As a therapist, I’m a bit of a talker and usually spend my time talking about what I’m finding and how it is affecting the current condition. Then when it comes to the exercises at the end, I talk about how the exercise will improve the condition that I’ve been talking about during the treatment. Understanding and knowledge makes a person more in control of their condition I believe. It leads them to understand why they are in pain and what message the pain is telling them. It’s no different than having your finger above a candle. Your finger warms up and you pull it away as the low grade pain is telling you a message. An example is the shoulder. If the shoulder falls forward, it may cause a pinching pain when you raise it up. If you feel the pinching pain, then you need to recenter your shoulder so it tracks more efficiently. So it’s my job to tell you what the pain is telling you and what your body is doing and how you can improve your posture/biomechanics to where it is moving more efficiently and the pain is reduced. This makes you more knowledgeable and in control of the condition throughout the entire day.

The importance of Rib and upper back mobility

One constant that I’m finding in a lot of cases from low back pain to shoulder and neck pain is the decreased mobility of the ribs and mid/upper back portion of the spine. The body is intended to maintain some movement in this area, and in it’s absense, can produce symptoms above and below in the shoulder/neck and low back area. As we breath in and out, lean forward, back, side to side and rotate, the ribs will move in relation to each other and the vertebrae of the spine will move in relation to each other. There are several reasons that these areas can stiffen up from immobility of the area, trauma, surgery or past illness (perhaps bronchial or cardiovascular).

The body should be likened to a tree. A tree from the trunk up to the very top has the ability to be flexible along to entire length (obviously more flexible than other areas) but this flexibility is what helps it be strong so when a wind comes up, the forces are distributed along the entire length, so (unless there is an extremely strong wind) it should maintain it’s integrity. Now imagine that you put a metal collar around the middle 2/3d’s of the tree and not allow that portion to flex and reintroduce the wind to the tree. In the absence of the flexibility of the middle 2/3rd’s of the tree, the part of the tree just below now is having to bear the burden that the middle 2/3rd should be doing. The chance of the tree breaking just below the collar increases. Obviously, we will not “break” like a tree but in our instance, the forces inposed on the lower back in absence of good movement in the ribs and mid back will be present.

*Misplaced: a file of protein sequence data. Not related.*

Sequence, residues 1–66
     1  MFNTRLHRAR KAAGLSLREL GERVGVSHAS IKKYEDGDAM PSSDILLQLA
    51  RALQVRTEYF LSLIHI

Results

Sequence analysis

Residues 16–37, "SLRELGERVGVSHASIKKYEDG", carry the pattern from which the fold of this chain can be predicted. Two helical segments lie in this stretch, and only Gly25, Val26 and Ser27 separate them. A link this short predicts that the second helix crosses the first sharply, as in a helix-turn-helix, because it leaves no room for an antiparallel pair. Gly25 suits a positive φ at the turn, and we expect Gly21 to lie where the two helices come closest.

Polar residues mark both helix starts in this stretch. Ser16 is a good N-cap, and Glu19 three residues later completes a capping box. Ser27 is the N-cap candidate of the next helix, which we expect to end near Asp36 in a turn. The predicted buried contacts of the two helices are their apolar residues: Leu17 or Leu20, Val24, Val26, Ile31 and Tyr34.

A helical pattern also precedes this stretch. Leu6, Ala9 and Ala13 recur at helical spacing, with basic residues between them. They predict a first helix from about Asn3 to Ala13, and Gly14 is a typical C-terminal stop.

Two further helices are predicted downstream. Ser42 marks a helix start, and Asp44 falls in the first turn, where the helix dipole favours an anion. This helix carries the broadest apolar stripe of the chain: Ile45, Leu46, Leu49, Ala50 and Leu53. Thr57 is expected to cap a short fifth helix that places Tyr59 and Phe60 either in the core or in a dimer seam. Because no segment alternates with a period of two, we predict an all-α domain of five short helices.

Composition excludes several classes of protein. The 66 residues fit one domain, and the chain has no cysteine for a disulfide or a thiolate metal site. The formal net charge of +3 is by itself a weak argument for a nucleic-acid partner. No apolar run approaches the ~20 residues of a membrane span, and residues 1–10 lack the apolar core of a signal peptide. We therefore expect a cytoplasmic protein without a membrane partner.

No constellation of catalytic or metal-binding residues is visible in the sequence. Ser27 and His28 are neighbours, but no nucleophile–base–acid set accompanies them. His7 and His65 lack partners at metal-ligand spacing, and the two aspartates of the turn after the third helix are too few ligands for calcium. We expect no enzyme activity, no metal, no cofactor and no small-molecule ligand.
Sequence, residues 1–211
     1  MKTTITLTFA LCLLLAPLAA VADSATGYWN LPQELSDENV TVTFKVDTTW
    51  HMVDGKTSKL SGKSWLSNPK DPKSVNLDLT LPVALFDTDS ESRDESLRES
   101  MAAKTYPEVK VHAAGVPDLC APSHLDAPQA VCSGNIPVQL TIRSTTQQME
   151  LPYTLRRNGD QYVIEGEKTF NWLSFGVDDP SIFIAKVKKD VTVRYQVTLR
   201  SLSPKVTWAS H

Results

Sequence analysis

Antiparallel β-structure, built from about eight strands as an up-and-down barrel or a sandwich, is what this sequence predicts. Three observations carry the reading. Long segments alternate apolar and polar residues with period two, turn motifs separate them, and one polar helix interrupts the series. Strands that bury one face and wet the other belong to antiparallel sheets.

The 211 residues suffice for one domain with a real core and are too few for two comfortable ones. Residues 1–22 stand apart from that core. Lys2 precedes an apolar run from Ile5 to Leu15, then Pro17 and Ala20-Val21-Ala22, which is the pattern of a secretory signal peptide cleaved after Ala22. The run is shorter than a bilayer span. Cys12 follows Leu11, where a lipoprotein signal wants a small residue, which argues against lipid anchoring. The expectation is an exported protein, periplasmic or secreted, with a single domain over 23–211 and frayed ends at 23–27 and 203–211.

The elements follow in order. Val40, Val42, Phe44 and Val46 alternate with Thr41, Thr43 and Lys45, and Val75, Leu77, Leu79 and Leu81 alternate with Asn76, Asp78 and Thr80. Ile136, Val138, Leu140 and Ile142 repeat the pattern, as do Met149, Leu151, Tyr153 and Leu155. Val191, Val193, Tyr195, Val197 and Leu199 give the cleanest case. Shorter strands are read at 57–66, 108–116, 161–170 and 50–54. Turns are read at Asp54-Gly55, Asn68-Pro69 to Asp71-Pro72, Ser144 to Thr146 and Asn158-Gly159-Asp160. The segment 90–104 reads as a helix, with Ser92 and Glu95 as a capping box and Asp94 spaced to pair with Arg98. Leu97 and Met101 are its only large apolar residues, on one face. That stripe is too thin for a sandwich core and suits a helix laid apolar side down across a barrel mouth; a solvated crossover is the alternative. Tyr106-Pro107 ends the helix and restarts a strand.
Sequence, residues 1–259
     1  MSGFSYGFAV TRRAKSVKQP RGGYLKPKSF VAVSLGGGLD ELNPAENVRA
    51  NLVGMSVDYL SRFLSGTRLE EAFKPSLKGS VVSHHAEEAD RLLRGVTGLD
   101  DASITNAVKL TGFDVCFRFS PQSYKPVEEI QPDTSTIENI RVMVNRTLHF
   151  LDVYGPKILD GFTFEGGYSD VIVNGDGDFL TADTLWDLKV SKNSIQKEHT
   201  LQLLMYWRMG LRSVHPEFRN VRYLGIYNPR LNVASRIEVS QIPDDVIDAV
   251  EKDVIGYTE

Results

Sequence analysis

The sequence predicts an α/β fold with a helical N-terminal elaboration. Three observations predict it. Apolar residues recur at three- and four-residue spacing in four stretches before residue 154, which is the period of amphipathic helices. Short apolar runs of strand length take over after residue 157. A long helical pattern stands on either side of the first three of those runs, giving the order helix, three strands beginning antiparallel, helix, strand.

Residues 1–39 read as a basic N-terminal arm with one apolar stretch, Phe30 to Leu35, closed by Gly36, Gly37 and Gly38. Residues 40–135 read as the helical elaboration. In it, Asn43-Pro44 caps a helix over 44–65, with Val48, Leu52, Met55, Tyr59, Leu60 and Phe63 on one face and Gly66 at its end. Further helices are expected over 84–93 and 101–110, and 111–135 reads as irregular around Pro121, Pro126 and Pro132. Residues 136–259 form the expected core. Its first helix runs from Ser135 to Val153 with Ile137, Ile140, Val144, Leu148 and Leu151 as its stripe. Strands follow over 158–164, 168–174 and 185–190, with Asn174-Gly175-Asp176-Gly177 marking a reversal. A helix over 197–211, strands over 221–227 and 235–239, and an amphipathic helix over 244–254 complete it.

A person may have very tight shoulders that are pulled forward and a very stiff middle back. When I ask if they can pull their shoulders back, most of the movement involves arching at the lower back to bring the shoulders back. The lower back is an important area and needs to be kept in a neutral position while in a static position as well as movements but is often asked to move out of it’s optimal position to compensate for things like stiff mid back/ ribs or stiff hips.

An area that has become stiff is very difficult often to become aware of as the body is very good at compensating. Personally, I have had an issue with low back pain. My biggest improvement occurred when I worked on mobilizing my ribs, middle and upper back and increased my hip range of motion. Both my hips didn’t extend (move back) very well and my left hip didn’t turn inwards very well and my low back was doing that work. There is only up to 20 degrees of rotation available in the low back so it needs to be used sparingly and shouldn’t be used making up for lack of movement in other joints.